How-to: Connect With Your Church Staff During a Crisis
By: Pastor Alfredo Ramos
How you as the pastor can be encouraging your church staff during this time.
Your ability to pastor your team ties directly to you
first and foremost, being pastored by Jesus.
Even if you find your time with Jesus limited, I would also share that will your team. Sure, it’s difficult even when it seems like we have more time. It’s harder to connect with Him, but acknowledge the fact that despite that He is still good, He is still present and here is how He’s speaking to me. I want to encourage you with that because we can’t give to our church staff what we don’t possess as Jesus followers. So lead them in the way that Jesus is leading you during this time.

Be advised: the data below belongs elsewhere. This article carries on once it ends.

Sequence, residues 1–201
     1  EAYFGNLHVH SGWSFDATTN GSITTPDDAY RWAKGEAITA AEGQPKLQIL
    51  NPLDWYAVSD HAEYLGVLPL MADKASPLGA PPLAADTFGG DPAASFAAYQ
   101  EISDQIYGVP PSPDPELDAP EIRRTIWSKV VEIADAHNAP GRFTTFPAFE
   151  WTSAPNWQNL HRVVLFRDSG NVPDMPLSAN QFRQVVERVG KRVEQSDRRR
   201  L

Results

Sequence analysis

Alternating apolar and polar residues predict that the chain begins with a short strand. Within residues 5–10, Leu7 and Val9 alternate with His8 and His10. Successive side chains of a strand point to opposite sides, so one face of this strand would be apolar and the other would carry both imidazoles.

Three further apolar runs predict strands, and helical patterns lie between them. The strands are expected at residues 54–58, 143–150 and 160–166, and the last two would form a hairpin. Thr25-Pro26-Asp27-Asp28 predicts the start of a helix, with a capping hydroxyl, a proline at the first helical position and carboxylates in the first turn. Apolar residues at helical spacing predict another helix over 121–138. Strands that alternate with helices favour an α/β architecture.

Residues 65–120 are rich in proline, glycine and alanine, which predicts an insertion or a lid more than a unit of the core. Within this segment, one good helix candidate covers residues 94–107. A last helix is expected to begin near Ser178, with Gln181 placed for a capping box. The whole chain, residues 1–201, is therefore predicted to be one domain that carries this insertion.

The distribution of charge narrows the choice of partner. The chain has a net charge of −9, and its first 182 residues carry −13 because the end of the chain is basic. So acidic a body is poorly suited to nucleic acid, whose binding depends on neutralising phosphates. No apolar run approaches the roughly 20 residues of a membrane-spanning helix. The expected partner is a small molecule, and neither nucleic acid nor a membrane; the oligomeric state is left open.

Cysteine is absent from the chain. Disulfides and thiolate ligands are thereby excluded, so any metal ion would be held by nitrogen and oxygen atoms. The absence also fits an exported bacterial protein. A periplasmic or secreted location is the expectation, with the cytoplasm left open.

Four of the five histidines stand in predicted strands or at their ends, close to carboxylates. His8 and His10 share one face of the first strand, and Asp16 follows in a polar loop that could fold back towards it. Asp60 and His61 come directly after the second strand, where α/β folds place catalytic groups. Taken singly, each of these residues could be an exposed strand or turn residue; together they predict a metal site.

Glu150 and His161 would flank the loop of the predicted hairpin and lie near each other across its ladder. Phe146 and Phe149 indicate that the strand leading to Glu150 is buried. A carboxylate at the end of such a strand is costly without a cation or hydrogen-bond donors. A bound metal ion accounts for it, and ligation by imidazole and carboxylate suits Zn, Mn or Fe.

One thing that I try to do in light of that is to open up my time with my church staff every week with a psalm—both silence and scripture and praying that psalm into our all-staff meeting. There’s 10 of us, but it’s the thing that we open up with first and foremost. A lot of people easily forget that a third of the psalms are psalms of lament. Where people are praying and crying out to God, even in a poetic way that He would draw near to them, that He would be with them, that He would rescue them from what they’re experiencing. And so there is something unique and powerful as we pray into our meeting.
In that same spirit, I would encourage you as the pastor as you try to encourage your staff to create space in your meeting to grieve. Specifically, grieve the loss of what the have identified as their routine or their rhythm. We are now all living in this new normal world, and it’s strange, it’s bizarre.